Market Outlook: Does the Tail Wag the Dog?

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 |  Includes: DIA, IVV, IWV, QQQ, SPY, VOO, VTHR, VTI
by: Bachar Samawi

Moody's Analytics lowered its outlook for the U.S. economy on Monday. Now it expects GDP to grow at 2% in the second half of 2011, and at 3% in 2012, instead of its previous forecast of 3.5% for both periods. Moody's cited the European debt crisis and U.S. debt ceiling political wrangling as factors, and said odds of a recession will increase if stock prices continue to fall. Are you confused?

First, it was said that the recent drop in stock prices during the past several weeks was caused by expectations for a weaker economy, and the possible increase in the likelihood of a recession. Now we are hearing that it is actually the other way around, that the reason the outlook for the economy is weak and the likelihood of a recession may rise is because of a possible weak stock market.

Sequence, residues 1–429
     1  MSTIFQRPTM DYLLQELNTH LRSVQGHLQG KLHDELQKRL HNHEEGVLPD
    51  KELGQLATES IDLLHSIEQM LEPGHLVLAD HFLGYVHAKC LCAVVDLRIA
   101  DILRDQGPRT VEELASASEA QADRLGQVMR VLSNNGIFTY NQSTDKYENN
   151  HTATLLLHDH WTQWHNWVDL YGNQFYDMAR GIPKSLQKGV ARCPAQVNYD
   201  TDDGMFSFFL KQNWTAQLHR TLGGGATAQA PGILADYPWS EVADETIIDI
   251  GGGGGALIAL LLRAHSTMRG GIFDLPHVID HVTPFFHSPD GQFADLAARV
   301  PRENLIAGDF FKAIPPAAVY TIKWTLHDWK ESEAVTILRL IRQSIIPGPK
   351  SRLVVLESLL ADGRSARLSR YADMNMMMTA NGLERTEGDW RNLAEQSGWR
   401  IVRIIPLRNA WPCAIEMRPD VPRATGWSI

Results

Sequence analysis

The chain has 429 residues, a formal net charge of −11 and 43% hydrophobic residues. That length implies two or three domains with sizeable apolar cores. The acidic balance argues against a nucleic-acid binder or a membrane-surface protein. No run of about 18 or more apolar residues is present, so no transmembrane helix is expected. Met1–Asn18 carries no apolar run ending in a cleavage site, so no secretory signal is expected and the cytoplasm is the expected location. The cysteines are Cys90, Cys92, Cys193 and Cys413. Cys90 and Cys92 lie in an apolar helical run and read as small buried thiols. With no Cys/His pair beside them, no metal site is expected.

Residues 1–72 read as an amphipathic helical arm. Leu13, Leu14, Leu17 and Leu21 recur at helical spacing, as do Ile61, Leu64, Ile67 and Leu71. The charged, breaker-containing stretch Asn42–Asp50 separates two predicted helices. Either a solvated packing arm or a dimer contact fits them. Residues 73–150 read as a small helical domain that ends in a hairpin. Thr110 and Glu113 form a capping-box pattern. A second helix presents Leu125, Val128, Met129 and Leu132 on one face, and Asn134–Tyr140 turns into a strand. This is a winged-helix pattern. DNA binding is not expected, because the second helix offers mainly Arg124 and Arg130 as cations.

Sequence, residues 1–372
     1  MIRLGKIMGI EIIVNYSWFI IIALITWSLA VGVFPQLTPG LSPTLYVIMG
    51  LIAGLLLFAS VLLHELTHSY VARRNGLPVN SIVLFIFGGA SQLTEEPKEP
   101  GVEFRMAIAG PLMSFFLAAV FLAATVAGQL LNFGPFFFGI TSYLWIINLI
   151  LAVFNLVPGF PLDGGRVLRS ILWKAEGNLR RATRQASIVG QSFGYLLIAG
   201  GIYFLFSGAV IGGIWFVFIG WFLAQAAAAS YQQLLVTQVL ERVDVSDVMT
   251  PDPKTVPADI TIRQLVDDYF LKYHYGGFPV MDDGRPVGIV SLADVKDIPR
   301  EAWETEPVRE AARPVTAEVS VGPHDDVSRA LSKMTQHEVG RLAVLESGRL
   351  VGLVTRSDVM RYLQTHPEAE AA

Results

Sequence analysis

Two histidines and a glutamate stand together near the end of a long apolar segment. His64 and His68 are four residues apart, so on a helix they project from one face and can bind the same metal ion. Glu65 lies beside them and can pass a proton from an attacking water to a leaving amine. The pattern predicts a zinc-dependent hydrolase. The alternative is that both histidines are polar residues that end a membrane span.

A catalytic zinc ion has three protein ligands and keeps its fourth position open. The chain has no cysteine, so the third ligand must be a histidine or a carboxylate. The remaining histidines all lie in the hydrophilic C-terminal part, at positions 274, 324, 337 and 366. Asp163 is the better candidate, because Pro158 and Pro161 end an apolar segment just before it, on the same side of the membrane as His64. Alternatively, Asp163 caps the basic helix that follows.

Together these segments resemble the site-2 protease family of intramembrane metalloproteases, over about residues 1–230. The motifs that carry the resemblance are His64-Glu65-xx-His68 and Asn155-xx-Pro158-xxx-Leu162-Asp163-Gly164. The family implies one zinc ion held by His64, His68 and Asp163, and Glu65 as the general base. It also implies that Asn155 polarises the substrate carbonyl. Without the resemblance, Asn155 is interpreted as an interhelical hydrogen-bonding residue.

First it was said that the reason the European debt crisis has become an issue was because the outlook for the European economy dimmed. Now we are saying the reason the outlook for the U.S. economy has dimmed is because of the European debt crisis, and the U.S. and Europe are inter-linked. We used to hear that "if the U.S. sneezes, the world catches a cold." Now we hear that "if Europe sneezes, the U.S. catches a cold."

U.S. debt ceiling political wrangling? Isn't the debate of whether to raise the debt ceiling or not already behind us? Wrangling has become an economic factor?

It seems these kinds of conclusions are driven by a belief that it is all about confidence; if confidence is eroded, the market suffers. If the markets suffer, confidence is eroded, etc... However, confidence is based on projections, and projections can prove to be right or wrong, especially if such projections are themselves based on confidence. Is it all starting to sound like some kind of Voodoo?

At the end of the day, if confidence is key, the headlines can drive the market in the short run, even if the headlines are wrong. However, remember that headlines can always change. Most importantly the tail can't wag the dog forever because "the dog is smarter."

Unless we get hard data confirming recent economic pessimism, which has been already somewhat priced into the markets, then the recent bounce from the lows in the market can prove to be sustainable.

Disclosure: I am long KFT.